California’s new laws in 2024: Abortion rights, paid sick leave, and more

California’s new laws in 2024: Abortion rights, paid sick leave, and more

Doctors in California who mail abortion pills to patients in other states will be protected from prosecution. Workers will receive more paid sick leave on the heels of a big year for labor. And companies can’t fire employees for using marijuana outside of work.

These are among the hundreds of laws that take effect Jan. 1 in the nation’s most populous state.

Each year, California Gov. Gavin Newsom signs hundreds of laws passed by the state Legislature. Most take effect Jan. 1 the following year. But sometimes lawmakers will delay a law’s effective date for a variety of reasons, including giving people more time to prepare for the new rules.

Some of the highest-profile bills passed by the Legislature in 2023 will not take effect until later. Fast food workers will get a minimum wage increase to $20 per hour on April 1. Health care workers are scheduled to see the first increases in their minimum wage on June 1. Laws requiring businesses to report their emissions and financial risks from climate change won’t take effect until 2026.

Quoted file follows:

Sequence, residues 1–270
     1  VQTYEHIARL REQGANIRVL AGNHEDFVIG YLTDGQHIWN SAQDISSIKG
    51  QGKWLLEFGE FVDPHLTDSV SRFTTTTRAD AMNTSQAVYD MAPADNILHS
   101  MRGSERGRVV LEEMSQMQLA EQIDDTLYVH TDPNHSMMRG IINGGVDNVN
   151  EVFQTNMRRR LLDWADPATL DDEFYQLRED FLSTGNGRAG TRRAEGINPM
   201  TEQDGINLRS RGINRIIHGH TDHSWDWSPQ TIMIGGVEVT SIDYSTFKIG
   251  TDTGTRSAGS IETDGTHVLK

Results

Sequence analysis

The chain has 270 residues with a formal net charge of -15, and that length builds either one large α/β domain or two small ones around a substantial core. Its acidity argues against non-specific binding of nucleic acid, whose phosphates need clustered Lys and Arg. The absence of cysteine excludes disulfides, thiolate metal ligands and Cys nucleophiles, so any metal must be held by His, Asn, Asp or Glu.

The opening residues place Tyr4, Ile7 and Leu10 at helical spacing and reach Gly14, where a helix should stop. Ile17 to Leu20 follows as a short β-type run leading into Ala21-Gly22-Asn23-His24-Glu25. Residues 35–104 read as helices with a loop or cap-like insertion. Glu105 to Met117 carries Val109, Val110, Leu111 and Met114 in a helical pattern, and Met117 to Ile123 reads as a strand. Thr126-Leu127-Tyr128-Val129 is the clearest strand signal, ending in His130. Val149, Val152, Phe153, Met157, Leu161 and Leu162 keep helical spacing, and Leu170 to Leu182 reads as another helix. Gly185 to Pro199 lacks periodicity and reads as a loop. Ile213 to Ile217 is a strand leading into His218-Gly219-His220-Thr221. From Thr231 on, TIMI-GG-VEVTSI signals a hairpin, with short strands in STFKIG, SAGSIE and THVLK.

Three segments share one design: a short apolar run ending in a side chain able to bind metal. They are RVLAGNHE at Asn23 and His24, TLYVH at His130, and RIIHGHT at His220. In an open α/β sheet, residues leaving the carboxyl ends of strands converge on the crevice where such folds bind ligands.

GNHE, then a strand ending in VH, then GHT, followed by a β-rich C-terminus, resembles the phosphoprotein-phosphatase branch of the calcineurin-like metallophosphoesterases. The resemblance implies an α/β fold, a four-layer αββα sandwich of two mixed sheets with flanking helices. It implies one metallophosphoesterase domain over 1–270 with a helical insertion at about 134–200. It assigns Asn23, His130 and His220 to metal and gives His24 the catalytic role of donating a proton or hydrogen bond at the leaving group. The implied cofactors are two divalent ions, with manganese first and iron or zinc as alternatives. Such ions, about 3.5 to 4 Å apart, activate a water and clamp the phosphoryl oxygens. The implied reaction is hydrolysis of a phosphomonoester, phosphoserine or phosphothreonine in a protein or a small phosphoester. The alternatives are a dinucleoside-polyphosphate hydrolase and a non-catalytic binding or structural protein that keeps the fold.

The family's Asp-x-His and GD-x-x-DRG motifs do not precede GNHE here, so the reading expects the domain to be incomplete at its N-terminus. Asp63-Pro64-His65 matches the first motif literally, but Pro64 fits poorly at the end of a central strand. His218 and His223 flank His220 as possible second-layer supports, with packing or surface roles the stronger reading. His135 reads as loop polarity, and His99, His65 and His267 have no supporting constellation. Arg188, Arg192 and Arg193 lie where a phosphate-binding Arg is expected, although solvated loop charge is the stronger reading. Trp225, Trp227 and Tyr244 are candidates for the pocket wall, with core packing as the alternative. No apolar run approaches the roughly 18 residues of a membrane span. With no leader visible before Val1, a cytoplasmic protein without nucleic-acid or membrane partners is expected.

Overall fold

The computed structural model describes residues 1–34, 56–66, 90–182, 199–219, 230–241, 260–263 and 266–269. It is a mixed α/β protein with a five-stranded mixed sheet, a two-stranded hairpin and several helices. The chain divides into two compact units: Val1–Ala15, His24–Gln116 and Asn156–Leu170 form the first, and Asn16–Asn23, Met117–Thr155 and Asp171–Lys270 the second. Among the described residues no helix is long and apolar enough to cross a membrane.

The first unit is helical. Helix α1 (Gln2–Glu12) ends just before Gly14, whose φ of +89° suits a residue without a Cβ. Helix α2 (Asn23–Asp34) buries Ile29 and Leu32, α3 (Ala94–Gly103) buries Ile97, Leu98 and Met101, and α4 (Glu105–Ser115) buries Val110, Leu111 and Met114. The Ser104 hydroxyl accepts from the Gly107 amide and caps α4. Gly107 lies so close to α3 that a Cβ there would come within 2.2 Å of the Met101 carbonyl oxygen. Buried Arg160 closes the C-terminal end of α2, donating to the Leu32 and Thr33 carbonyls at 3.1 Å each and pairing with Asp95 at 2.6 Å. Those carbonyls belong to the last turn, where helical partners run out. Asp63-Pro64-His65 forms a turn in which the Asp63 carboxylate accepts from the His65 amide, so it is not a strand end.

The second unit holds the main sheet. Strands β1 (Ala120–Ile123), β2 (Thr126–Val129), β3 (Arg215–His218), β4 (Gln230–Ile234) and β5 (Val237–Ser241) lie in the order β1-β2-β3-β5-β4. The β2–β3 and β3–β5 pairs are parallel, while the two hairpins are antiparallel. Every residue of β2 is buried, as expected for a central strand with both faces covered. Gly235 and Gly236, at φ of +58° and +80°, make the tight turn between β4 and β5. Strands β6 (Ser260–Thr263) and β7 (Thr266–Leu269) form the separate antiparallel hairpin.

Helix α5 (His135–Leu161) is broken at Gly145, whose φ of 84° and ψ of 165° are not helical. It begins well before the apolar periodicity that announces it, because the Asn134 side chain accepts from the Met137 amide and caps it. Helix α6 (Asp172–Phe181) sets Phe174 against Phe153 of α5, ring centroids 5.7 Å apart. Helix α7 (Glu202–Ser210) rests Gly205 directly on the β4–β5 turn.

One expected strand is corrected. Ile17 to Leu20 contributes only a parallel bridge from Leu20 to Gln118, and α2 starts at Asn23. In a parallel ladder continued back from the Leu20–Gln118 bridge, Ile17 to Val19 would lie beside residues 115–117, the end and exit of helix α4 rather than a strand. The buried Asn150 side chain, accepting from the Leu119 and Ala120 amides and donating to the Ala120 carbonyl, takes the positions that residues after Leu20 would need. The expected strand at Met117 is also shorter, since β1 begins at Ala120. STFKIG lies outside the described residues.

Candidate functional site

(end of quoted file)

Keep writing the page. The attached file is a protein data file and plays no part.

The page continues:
A law banning people from carrying guns in most public places was blocked by a federal judge just days before it was set to take effect.

In 2023, the California Legislature passed 1,046 bills. Newsom signed 890 of those bills into law. He vetoed 156 bills, or 14.9%, according to statistics compiled by veteran lobbyist Chris Micheli.

Here is a look at some of the new laws Californians face:

Powered by WPeMatico

Comments are closed.